For Creating Derivatives
After content has been moved to the long term archive, we need online derivatives for web access in a directory structure that mirrors the archive.
For images and audio
The following script runs through the archive, looking for tiff and wave files, and transcripts.
- Transcripts are simply copied to the web-accessible directory, placed under a Transcripts directory at the level to which it applies.
- ImageMagick (http://www.imagemagick.org/ )is used to create 3 image derivatives:
- a thumbnail, where the longest size is 128 pixels (file ends in _128.jpg)
- a mid-sized image (the default for delivery), where the longest side is 512 pixels (file ends in _512.jpg)
- a large image, where the longest side is 2048 pixels (file ends in _2048)
- LAME (http://lame.sourceforge.net/ )is used to create an mp3 from each wave file
The command used with ImageMagick is of this form (this for the 2048 size):
convert [OLDFILE] -strip -density 96 -resample 96x96 -resize 2048x2048 -filter Cubic -quiet [NEWFILE]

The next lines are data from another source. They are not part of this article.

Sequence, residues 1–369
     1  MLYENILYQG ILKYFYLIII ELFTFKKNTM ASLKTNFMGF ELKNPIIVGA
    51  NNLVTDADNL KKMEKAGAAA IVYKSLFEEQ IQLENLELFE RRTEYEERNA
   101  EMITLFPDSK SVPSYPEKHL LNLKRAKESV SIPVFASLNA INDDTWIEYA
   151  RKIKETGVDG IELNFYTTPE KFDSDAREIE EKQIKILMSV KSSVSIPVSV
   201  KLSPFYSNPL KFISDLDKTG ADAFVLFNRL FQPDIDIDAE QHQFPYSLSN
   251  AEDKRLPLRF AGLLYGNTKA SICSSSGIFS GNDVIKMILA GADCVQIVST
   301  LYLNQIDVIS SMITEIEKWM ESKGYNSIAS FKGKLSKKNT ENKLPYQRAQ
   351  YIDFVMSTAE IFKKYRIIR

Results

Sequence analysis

The command used with LAME is of this form:
lame [OLDFILE] [NEWFILE] -V4 --noreplaygain -S
Here's the perl script: File:Copychange.txt
For OCR text:
We're more selective. We don't want to OCR image files -- our guideline is that there must be at least 50% textual content on a page before we will consider OCRing it. We're using the open source tesseract-ocr (http://sourceforge.net/projects/tesseract-ocr/ ) on the command line.
Given a set of collection names, the following Perl script goes through /srv/archive, locates tiff files, checks to see if OCR files already exist online in /srv/www/htdocs/content, and if not, creates directories for them, and uses tesseract-ocr to create OCR derivatives and places them there.
The command used with tesseract-ocr is of this form:
tesseract [OLDFILE] [NEWFILE]
Here's the script: File:OcrIt.txt